A View from David Zax
Why an Apple TV SDK Excited the Internet
No, the iTV isn’t imminent. But third-party programmers are rightly excited at the prospect.
It’s a testament to Apple’s power over Internet discourse that the mere whisper of a hint of a rumor can send dozens of websites into a frenzy. Earlier today, Business Insider posted that Apple would “likely hold an Apple TV-related event in March” according to a Jefferies analyst named Peter Misek. The claim or supposition was that Apple wouldn’t present the hardware yet, but would introduce a software development kit so that third-party programmers could get a head start on making games and apps for an iTV in the offing.
The well sourced Jim Dalrymple at The Loop responded with one word: “Nope.”
Chalk it up to more Internet-fueled Apple frenzy. (Amusingly, following the chain of links shows that originally Business Insider posted Misek’s roadmap of supposed product launches, solely to point out that it “doesn’t look like much is on its way until June.” A commenter, spotting on the map something that said “iTV-Related Event” in March, then seems to have had the effect of prodding Business Insider into a subsequent post claiming such an event was a likelihood, which it then basically had to retract.)
Analysts have been predicting iTV launches for years; each quarter they seem more and more certain the thing is imminent, and each quarter they’re proven wrong. No one should report that an Apple product launch is imminent based on the musings of any analyst, so far as I can tell.
Even so, interesting insights can come out of speculation like this. The Misek misfire–and its vision of offering a kit to give developers a headstart on populating an “iTV” ecosystem with apps–has drawn attention to a post from one of the first engineers on the Xbox project, a fellow named Nat Brown. (I first came across the post via MacRumors.) Somewhat in the same vein of Misek’s line of thinking, Brown asks: “Why can’t I write a game for xBox tomorrow using $100 worth of tools and my existing Windows laptop and test it on my home xBox or at my friends’ houses? Why can’t I then distribute it digitally in a decent online store, give up a 30% cut and strike it rich if it’s a great game, like I can for Android, for iPhone, or for iPad?”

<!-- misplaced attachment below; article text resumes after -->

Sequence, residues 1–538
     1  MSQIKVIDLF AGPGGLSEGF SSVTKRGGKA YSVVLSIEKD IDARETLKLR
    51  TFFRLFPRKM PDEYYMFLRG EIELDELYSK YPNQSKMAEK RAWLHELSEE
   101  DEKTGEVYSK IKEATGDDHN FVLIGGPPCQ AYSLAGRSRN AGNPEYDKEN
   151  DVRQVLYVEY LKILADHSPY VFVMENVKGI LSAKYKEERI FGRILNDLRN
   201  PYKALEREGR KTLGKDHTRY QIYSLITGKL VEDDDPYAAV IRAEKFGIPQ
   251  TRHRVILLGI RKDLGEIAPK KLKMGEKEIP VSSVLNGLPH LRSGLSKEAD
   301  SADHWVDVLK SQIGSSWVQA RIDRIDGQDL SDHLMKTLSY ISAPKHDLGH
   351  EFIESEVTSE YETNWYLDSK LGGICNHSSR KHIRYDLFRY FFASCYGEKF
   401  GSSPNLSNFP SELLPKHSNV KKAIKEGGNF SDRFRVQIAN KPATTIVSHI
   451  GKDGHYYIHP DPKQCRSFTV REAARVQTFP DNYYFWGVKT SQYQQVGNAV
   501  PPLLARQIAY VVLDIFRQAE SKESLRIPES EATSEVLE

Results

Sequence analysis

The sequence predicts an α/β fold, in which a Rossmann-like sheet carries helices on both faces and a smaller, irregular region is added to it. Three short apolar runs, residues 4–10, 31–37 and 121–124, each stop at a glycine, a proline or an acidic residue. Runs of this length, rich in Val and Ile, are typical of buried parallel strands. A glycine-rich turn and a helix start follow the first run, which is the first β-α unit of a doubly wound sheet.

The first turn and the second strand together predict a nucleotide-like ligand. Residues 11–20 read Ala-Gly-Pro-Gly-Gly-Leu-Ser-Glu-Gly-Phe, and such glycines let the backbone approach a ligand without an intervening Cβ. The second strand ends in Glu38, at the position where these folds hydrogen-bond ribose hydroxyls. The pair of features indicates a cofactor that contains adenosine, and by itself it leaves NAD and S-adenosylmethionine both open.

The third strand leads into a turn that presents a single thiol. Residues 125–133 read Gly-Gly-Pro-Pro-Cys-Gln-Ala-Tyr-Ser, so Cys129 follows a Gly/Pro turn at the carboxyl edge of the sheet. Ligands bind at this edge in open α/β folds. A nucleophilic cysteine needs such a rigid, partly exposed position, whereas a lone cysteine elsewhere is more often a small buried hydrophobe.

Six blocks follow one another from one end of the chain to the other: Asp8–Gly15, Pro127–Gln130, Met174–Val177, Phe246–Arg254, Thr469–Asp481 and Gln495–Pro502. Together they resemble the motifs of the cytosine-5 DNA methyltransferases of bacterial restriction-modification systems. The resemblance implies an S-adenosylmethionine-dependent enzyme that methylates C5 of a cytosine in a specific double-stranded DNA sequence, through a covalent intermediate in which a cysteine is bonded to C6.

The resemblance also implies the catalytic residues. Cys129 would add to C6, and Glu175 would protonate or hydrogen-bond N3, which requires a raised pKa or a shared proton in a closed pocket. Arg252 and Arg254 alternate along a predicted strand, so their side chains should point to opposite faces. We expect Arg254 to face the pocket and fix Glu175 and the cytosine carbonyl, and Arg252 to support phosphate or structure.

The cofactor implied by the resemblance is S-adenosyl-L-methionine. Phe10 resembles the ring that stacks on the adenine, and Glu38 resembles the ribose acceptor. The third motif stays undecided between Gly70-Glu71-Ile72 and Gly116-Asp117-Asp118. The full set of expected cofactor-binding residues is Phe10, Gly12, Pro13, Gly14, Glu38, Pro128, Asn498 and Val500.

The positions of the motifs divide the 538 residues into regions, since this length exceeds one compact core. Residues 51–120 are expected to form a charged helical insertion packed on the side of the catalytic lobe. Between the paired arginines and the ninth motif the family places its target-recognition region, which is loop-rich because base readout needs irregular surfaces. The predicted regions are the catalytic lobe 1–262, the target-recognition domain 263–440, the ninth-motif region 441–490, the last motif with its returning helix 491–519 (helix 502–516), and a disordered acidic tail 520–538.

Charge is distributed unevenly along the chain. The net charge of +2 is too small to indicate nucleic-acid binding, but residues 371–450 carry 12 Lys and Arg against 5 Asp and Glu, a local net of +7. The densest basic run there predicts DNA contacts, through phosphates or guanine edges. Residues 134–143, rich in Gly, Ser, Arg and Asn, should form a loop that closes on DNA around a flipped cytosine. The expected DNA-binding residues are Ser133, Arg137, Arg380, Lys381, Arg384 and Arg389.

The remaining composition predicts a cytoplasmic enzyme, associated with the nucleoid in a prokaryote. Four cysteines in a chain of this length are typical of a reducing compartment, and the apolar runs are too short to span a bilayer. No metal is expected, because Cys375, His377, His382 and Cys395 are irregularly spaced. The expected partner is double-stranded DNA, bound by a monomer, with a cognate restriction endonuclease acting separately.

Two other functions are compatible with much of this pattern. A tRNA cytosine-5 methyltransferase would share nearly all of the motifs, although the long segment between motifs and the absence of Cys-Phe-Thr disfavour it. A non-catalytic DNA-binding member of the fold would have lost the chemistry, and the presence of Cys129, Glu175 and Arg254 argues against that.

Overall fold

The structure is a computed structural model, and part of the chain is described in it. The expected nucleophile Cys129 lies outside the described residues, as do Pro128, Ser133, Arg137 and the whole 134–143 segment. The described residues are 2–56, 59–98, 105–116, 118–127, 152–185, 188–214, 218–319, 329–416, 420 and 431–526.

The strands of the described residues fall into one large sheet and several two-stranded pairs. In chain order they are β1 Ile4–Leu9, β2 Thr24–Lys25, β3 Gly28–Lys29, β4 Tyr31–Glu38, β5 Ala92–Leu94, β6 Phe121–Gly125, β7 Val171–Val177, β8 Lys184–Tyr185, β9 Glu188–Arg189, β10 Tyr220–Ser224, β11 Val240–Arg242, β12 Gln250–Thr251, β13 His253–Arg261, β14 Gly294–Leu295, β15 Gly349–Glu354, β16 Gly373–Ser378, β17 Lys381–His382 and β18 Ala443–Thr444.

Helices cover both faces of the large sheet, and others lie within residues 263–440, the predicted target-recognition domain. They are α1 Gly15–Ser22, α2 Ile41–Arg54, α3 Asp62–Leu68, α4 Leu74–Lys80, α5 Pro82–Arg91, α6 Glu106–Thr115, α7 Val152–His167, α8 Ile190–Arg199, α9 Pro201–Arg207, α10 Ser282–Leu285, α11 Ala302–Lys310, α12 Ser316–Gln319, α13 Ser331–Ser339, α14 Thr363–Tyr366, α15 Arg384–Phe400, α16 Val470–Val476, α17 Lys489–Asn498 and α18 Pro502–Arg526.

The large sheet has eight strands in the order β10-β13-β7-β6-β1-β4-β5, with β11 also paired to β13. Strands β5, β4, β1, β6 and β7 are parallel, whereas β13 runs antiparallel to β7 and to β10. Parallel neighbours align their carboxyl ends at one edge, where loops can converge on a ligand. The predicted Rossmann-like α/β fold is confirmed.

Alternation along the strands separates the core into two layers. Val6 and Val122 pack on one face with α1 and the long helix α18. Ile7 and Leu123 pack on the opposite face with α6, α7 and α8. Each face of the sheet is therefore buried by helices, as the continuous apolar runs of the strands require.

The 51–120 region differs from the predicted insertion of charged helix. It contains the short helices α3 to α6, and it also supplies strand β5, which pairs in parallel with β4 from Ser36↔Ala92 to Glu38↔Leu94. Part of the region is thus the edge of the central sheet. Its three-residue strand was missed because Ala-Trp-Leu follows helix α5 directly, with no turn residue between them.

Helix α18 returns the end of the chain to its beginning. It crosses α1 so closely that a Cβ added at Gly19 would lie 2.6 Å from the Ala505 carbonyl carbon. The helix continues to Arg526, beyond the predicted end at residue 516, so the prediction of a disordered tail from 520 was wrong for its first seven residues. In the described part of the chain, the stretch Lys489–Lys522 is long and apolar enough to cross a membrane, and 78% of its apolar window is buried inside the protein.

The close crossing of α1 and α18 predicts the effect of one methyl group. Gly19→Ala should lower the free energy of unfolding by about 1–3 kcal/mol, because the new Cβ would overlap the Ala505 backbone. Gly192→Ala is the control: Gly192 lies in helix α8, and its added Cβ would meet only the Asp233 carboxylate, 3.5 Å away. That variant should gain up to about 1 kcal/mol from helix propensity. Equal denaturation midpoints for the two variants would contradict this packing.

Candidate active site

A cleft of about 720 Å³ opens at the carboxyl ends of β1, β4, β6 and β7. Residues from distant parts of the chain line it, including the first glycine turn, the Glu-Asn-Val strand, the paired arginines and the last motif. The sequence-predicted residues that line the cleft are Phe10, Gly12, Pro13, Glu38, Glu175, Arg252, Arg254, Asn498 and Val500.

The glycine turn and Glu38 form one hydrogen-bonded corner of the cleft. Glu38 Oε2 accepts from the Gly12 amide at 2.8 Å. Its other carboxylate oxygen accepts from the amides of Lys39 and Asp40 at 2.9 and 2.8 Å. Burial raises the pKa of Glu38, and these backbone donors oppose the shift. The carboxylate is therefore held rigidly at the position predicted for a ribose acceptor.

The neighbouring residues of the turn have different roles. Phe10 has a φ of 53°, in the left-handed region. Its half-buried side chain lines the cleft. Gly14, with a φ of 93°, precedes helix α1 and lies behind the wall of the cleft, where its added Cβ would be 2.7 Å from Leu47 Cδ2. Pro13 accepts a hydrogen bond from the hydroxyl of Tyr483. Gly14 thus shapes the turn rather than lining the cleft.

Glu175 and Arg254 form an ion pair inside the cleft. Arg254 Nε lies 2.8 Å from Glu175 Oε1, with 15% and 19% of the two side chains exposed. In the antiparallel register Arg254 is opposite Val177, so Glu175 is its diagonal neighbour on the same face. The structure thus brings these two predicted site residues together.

Brown thinks that Microsoft is shooting itself in the foot by not doing everything it can to make development for its platform easy for small developers.
“I will be the first to write apps for Apple-TV when I can, and I know I’ll make money,” says Brown in his post (see the full text of that post–“Stupid, Stupid xBox!!”). Brown is already, then, one of the putative iTV developers Apple will be targeting. The reason, he explains, is that Apple simply makes it easy for him to publish a game and make some money. He goes so far in the post as to say an iTV, or whatever it’ll be called, could spell the end to consoles as we know them.
“Apple, if it chooses to do so, will simply kill Playstation, Wii-U and xBox by introducing an open 30%-cut app/game ecosystem for Apple-TV.” All of which is darkly evocative of some ideas that Valve’s Gabe Newell has already presented (see “Defending the Living Room from Apple”).
Brown’s comments–and the excitement over the mere glimmer of a whisper of a rumor of a falsehood about a supposed iTV SDK event–are further indications that technology companies need to be doing whatever they can to foster vibrant ecosystems. It’s been said a million times before–but apparently not loud enough, if one of Microsoft’s own former engineers is finding that Redmond is not offering him opportunities to unleash his creative energies in the service of his former employer’s platform. Content is king. I knew this even back when Super Mario games dictated my childhood hardware purchases (I never bought a Sega; Sonic the Hedgehog simply wasn’t as fun).
This is why some of the most interesting decisions coming out of the tech world today are ones that seem totally backwards from a traditional business standpoint–like Jeff Bezos’s recent idea to hand out free money to Kindle Fire users, as a sort of stimulus for app development for the Kindle Fire ecosystem. It’s a brilliant move, and the only kind that can help catch up to iOS’s already richly developed world of content.
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